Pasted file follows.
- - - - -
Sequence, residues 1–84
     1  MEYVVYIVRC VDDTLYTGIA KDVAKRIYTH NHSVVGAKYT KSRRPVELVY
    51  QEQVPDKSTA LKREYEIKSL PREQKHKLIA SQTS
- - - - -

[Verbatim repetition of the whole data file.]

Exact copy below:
Sequence, residues 1–84
     1  MEYVVYIVRC VDDTLYTGIA KDVAKRIYTH NHSVVGAKYT KSRRPVELVY
    51  QEQVPDKSTA LKREYEIKSL PREQKHKLIA SQTS